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Math Help - Determinant help

  1. #1
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    Determinant help

    Hello,

    I need help with this theory-based problem:

    Why is it not possible to find a square matrix such that:

    <br />
|AA^T| < 0

    I should say, from the properties I know of, |A| = |A^T|, what can I gather from this information?
    Last edited by Dranalion; January 15th 2010 at 09:24 PM.
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  2. #2
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    Quote Originally Posted by Dranalion View Post
    Hello,

    I need help with this theory-based problem:

    Why is it not possible to find a square matrix such that:

    <br />
det(AA^T) < 0

    (use properties of determinants to guide you)

    I should say, from the properties I know of, det(A) = det(A^T), what can I gather from this information?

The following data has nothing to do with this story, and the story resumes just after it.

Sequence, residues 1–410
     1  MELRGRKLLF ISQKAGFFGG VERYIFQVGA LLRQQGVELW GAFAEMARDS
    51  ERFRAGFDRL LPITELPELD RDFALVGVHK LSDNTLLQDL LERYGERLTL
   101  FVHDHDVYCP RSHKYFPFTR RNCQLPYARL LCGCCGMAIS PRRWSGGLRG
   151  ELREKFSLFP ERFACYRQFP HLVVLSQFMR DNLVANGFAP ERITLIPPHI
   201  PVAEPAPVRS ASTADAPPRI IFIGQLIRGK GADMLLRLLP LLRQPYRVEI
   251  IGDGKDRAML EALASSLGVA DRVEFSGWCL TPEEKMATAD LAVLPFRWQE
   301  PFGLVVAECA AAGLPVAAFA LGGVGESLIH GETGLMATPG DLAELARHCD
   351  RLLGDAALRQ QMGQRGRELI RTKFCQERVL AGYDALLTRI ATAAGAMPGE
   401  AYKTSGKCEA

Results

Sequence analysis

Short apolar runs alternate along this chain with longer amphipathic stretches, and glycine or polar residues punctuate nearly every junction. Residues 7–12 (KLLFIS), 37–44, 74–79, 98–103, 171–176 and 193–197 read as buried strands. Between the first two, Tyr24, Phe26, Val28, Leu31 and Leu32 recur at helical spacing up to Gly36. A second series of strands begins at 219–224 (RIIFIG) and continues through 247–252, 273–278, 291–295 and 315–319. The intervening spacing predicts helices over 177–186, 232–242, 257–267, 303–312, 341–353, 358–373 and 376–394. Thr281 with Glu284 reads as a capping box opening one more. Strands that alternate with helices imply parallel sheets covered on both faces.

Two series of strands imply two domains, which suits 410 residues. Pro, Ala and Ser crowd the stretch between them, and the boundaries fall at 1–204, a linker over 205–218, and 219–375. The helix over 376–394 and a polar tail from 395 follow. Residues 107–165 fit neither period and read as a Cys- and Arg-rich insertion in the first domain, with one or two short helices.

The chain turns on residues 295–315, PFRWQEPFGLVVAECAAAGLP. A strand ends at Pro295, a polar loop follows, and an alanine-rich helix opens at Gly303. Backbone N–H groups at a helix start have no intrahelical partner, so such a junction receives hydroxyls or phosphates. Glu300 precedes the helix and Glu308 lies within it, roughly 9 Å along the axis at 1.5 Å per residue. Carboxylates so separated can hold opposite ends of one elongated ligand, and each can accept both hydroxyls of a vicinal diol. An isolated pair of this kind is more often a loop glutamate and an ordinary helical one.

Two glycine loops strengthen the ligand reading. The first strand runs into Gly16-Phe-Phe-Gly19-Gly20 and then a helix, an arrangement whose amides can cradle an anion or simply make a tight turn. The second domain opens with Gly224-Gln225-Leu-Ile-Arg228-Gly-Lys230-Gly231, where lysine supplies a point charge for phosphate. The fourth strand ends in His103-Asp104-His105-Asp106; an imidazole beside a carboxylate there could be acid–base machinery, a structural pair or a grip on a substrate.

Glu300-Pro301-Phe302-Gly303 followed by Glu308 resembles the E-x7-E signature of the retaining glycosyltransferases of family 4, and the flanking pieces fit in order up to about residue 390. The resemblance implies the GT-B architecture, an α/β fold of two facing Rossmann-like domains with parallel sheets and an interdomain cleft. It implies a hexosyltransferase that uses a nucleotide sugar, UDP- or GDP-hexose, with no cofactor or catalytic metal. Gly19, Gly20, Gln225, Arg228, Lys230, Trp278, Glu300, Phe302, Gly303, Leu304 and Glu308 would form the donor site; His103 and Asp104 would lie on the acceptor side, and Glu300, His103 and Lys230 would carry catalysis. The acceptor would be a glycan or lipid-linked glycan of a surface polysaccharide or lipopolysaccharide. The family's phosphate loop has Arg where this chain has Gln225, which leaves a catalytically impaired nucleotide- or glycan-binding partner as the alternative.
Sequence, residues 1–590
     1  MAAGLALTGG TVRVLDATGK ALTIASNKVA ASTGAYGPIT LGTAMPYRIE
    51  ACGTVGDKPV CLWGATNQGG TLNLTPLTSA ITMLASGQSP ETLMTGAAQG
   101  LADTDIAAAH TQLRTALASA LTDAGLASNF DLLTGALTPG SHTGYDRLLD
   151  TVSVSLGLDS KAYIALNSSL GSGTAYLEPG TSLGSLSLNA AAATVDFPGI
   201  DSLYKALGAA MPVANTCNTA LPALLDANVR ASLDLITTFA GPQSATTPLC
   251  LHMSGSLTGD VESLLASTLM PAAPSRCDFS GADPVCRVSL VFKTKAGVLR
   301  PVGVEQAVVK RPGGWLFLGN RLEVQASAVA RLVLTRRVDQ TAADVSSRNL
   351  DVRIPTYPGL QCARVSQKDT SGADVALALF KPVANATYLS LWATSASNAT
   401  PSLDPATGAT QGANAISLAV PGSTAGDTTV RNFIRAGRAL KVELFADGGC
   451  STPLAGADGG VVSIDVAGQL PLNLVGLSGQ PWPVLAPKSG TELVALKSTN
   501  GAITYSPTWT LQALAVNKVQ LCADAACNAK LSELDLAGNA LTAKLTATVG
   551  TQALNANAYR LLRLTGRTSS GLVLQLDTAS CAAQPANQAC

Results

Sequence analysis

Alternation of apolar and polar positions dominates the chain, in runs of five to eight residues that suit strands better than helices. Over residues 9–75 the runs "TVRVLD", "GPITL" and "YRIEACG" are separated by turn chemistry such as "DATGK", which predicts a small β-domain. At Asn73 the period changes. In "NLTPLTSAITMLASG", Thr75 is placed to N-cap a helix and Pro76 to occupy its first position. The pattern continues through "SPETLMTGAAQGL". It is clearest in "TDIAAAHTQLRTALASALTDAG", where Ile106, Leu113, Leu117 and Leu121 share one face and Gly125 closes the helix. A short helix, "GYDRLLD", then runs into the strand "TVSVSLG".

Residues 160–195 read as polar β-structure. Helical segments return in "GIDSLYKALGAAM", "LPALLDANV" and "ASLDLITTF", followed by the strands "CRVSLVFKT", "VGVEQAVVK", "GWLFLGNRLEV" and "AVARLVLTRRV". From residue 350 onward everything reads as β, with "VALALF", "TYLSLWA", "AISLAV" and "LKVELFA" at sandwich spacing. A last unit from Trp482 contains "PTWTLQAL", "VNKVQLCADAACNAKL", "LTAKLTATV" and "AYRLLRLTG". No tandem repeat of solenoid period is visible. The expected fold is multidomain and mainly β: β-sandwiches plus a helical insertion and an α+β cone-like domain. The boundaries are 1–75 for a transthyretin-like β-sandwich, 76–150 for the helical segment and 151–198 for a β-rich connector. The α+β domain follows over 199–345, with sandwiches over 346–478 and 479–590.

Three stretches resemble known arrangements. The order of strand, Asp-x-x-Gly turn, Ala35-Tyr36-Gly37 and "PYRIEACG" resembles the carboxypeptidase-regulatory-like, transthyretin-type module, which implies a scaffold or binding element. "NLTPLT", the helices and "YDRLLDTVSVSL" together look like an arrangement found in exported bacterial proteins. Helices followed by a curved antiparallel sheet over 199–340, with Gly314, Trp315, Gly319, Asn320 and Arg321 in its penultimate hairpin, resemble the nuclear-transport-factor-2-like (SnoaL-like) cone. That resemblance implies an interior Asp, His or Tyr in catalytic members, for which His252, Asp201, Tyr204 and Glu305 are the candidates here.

Any help is much appreciated,

    Dranalion
    Recall that |A| is a real scalar.

    You should know that |AB| = |A||B|.

    You should also know that |A^T| = |A|.


    So if you let B = A^T you have

    |AA^T| = |A||A^T|

     = |A||A|

     = |A|^2.


    Since |A| is a real number, and the square of any real number is nonnegative, this means that

    |A|^2 \geq 0 for all A.
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  3. #3
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    BTW I assume that the elements in A are all Real.

    Bringing in Complex elements may affect this result.
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  4. #4
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    Quote Originally Posted by Prove It View Post
    BTW I assume that the elements in A are all Real.

    Bringing in Complex elements may affect this result.
    Not if you replace A^T by A^*- that is, in addition to interchanging rows and columns, you also take the complex conjugate of each number. The "adjoint" of A for matrices over the real numbers is A^T. For matrices over the complex numbers, the adjoint is A^*.
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